Mayor Karl Dean addressed the EO Nashville April All-Member Meeting on Wednesday, April 10, 2013. Local media was on hand to report:
Nashville Business Journal
by Jamie McGee Apr 10, 2013, 2:08pm
Mayor Dean on Music City Center's edge, the need for IT workers and gunning for Denver
Music City Center will make the city even more competitive for new conventions than officials originally thought, Nashville Mayor Karl Dean said today.
The new convention center will make Nashville competitive for about 85 percent of the downtown convention market, up from 24 percent, Dean said.
The city had anticipated competing with Dallas, St. Louis and Indianapolis for conventions when the building was being planned, but now is able to compete with bigger tourism cities, including Orlando and New Orleans, Dean said at a breakfast for the Entrepreneurs' Organization's Nashville chapter.
Dean, who ran for office in 2007 saying he would build the convention center, commented on the timing of the financial crisis as plans for the center moved forward.
"We started on it, doing the planning, deciding where it was going to be built and looking around to hire folks to get it done," he said. "The economy was fine. This was September 2007, then you get into 2008. The country … goes into the deepest recession it had ever seen since the Great Depression and we decided to move forward despite people saying this wasn't the time to do it."
Dean pointed to a tourism tax revenue budget for Music City Center that is ahead of schedule by about $15 million, the more than 100 conventions booked and the close to 850,000 room nights booked for the center as signs of success. In conjunction with the convention center, the Omni Nashville Hotel, Korean Veterans Boulevard and the expansion of the Country Music Hall of Fame, Dean said he expects the SoBro area to be "totally transformed" in the next five years.
Beyond tourism, Dean offered his perspective on Nashville transit, technology and immigration.
On Nashville's immigrant communities as assets:
"We have a significant Hispanic population we have the largest Kurdish population in the U.S. We are [a] voting site for the Iraqi elections. We have a signigicant Somali population, a Burmese population. You drive around the city and you get the feel of how it has enriched the city and made it a better place. ... They could live anywhere in the United States and they pick Nashville as the place they want to live their dreams. That is a great validator."
On the need for more tech talent:
"Every time a business comes to Nashville and is thinking about relocating here, the issue of IT workers comes up. [Compared to] Raleigh-Durham and Austin, we don't measure up well when it comes to IT workers. We measure up well in a lot of different areas. Businesses will still come, but they will come in with the knowledge that they need to do something to get more IT workers."
On gunning for Denver:
The population in Middle Tennessee is expected grow by 1 million in next 20 years, growing as large as the Denver area by 2035, Dean said.
On seeking federal aid for an East-West transit corridor:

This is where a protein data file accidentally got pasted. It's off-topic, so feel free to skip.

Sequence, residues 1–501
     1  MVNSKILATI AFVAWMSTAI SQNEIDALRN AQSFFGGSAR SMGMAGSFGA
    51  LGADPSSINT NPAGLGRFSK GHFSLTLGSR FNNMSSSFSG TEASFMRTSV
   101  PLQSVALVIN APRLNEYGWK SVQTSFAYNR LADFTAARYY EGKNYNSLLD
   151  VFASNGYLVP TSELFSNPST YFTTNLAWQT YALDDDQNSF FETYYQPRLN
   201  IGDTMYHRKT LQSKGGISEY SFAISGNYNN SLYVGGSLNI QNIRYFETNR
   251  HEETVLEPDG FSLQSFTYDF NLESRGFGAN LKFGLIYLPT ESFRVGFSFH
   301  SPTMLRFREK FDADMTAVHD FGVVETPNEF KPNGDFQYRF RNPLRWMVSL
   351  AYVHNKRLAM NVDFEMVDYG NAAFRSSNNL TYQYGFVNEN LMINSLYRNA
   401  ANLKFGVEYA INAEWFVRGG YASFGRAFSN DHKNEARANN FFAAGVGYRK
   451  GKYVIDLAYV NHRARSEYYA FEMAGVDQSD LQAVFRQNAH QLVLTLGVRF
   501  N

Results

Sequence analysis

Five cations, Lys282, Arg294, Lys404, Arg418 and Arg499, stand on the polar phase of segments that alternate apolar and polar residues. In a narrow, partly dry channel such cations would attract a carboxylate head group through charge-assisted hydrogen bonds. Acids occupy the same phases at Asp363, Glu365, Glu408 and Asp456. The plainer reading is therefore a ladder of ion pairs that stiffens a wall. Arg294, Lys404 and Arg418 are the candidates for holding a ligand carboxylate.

"For us to remain competitive, we have to [invest in transit]. … Sometime this year I expect we will apply to the federal government for federal aid on this, which is necessary. ... We are the only city in our region, the Southeast, that is this far along in this process. We are the obvious city to get it."
by Walker Duncan 4/10/13 12:24 pm
At an all-member meeting of the Nashville chapter of the Entrepreneurs’ Organization this morning, Mayor Karl Dean was on hand to discuss some of the things that have led to and helped feed the recent hype around Nashville, both as a cultural and a entrepreneurial hotspot.
A large cadre of the EO’s membership was on hand for the breakfast hosted at Cabana this morning to take in the mayor’s remarks, which highlighted the city’s growth as “a testament to its strength.”
Dean touched on a number of topics during his remarks including the new Music City Center, the WorkIT program, and the benefits the city sees from, not surprisingly, the local chapter of the Entrepreneurs’ Organization along with the Nashville Entrepreneur Center.
“Hopefully we’ll be able to help the Entrepreneur Center again,” said Dean speaking to money to be set aside in the Metro budget.. “It’s a great thing for the city and is just fantastic.”
After his remarks he fielded questions from the crowd of EO members on subjects ranging from waterfront dining to the city’s nagging tech worker shortage. With regard to the latter, Dean praised current efforts by the Nashville Technology Council and Chamber of Commerce to continue importing workers from across the country.
“It’s not something they’re able to turn around on a dime,” said Dean, who went on to stress the importance of strong school systems and public amenities such as bus-rapid-transit as important factors in making Nashville an attractive place to move. Zero income tax helps too, which he noted.
“Nashville has a history of attracting people who are creative and people who are willing to takes risks,” he said.
Continuing that trend, both with regard to the technology sector and continuing the legacy of the healthcare and music industries will remain of vital importance as the city and region move forward.